Managing a team of email marketers: Part 1
Sending emails seems like an easy and organic process. It’s just an email, right? Well, we’ve found that it takes planning and a bit of project management to get emails out the door. We’d like to share a little bit of what we’ve learned along the way to help you create a plan for managing your team of email marketers.
In this post we’ll cover Part 1: Developing an email management plan.
In a follow-up post we will review Part 2: Making It Happen.
It’s hard to tackle any regular or ad hoc marketing effort without a plan, right? When you start managing your email marketing team it helps exponentially to have a plan. Ask a few questions to get yourself started (use the following as a guide). Let these questions be a jumping board for your own unique planning needs.
What types of emails are you sending?
Start with what types of emails you are sending. Types of emails might include:
- Sales email
- Newsletter email
- Welcome emails
- Season announcement or product launch
- Membership renewals
- Holiday emails
When are you sending emails?
Next, think through how often you send emails. Whether it’s daily, weekly, monthly, quarterly or yearly, document what and when you are sending (or what and when you want to be sending). You don’t need to know the content of the emails at this point, you’re just planning right now. Plot these emails out on a calendar.
Here are some examples:
- Sales email weekly, sent on Tuesday
- Newsletter email weekly, sent on Thursday
- Season announcement or product launch quarterly, sent in January
- Holiday email(s), sent November-December
What effort is needed to make your emails possible?
Next, give some estimates on how much time it will take to put each email together. This is your production time. Knowing how much time each task takes will help you know when you have to start working on your email.
Write down how much time it takes to:
- Draft copy
What will help the team make emails happen?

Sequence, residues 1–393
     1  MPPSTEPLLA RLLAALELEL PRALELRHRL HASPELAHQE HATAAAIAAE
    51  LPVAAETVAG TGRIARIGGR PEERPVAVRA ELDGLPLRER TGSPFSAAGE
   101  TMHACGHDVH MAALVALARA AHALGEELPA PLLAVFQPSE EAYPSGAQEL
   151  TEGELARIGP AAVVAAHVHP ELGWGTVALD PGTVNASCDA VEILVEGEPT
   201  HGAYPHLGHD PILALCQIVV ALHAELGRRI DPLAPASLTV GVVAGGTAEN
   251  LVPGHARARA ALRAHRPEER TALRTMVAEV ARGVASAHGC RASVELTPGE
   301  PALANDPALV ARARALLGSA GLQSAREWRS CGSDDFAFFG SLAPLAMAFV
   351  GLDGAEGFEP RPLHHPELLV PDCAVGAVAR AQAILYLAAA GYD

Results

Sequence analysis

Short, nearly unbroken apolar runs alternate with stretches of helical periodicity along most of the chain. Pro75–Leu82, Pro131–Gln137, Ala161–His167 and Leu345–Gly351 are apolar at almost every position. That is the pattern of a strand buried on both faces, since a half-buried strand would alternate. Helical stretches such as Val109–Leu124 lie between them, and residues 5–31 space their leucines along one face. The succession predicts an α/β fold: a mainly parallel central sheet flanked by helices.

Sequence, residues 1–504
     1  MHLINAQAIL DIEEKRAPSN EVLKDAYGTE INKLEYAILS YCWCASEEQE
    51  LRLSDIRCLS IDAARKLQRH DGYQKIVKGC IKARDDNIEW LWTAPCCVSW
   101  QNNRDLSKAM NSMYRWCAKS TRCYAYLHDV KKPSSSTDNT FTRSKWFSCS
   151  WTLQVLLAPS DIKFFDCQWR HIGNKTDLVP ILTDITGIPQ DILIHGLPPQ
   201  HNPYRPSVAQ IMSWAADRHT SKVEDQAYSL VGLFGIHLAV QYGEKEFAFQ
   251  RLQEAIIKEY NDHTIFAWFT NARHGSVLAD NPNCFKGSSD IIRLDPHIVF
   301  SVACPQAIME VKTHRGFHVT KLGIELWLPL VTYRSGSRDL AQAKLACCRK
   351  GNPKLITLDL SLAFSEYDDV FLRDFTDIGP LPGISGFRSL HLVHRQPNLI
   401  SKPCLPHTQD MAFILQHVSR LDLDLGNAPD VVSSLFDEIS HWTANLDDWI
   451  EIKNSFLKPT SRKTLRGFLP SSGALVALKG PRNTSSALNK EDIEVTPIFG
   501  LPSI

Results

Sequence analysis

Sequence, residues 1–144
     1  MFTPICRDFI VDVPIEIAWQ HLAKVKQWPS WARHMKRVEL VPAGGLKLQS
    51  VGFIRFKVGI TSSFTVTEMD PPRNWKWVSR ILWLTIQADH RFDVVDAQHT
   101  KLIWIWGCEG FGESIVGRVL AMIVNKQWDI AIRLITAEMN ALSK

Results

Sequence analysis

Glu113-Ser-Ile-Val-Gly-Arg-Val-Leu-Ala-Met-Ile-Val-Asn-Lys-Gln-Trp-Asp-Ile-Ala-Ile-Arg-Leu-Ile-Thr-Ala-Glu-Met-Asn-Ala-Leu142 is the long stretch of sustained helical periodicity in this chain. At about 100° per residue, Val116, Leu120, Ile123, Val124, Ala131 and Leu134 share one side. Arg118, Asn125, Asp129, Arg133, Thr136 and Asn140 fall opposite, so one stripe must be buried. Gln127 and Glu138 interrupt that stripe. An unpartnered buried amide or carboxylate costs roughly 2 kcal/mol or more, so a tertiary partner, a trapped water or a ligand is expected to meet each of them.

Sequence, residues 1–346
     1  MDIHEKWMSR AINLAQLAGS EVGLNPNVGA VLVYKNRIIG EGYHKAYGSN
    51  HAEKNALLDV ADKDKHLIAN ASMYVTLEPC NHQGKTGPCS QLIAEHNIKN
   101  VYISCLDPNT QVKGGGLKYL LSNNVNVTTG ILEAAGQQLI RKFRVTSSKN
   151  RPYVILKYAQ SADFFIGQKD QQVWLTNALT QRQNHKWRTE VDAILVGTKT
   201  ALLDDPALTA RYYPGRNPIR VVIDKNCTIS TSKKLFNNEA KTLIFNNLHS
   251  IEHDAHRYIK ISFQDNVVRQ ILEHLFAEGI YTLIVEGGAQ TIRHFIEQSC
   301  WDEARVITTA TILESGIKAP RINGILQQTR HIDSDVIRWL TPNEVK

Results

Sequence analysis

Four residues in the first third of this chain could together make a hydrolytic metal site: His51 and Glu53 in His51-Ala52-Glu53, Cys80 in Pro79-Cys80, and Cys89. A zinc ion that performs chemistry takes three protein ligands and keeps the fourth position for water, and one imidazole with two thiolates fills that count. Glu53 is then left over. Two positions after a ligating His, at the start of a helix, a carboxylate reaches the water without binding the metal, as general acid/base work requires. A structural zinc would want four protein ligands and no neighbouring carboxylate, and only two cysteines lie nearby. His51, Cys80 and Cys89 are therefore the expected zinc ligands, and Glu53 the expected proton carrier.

Come up with some general housekeeping instructions for the team that will assist with each part of the process. Here’s where documenting processes and instructions becomes necessary. These references will be highly valuable to your team as the plan gets rolled out and you begin sending emails with new processes. Document everything and make it available to the team.
Helpful references for the team include:
- Naming conventions for campaigns and lists
- Templated designs that meet brand guidelines for every department to use
- Checklist that covers each required part of the email process
- Testing process that covers best practice tips for making sure your email is ready to send
- Approval process so that the right eyes see the email before it gets sent
Present your plan to the team. Make sure everyone is on board and ready to start following it. Put the plan in a place where everyone can reference it as often as needed.
It’s helpful too with any new process or plan to have a trial window in place to try it out. Generally three months is a good starting point, giving everyone enough opportunities to use the plan for sending emails. Reconvene after the trial period to assess the plan and make any changes that will improve the process. Reassess again after another set period of time.
Put your project management hat on and think through the ways your team works, how it can be better and what will help in achieving goals.
Next up review our post, Part 2: Making It Happen.
Learn more about WordFly tools to stay organized
We recommend these resources and ideas for developing your email management plan:
- Come up with a naming convention for your campaigns, templates and lists. Check out this post for tips and this table for a helpful guide.
- Use Labels to tag campaigns, templates and lists
- Use Custom Starter Emails as your email design ‘templates’ and to help maintain the integrity of email designs
- Review our post about the Importance of Testing for your testing checklist and check out WordFly’s built-in testing tool Inbox Preview
- Create a checklist of all the sections of your email and to make sure all areas are covered
- Use a shared Outlook calendar or Google calendar that everyone on the team can see
- Use a project management tool to help manage the workflow of tasks. Free tools include Trello, KanbanFlow or Slack
- Set up reminders for recurring tasks, make it a team effort!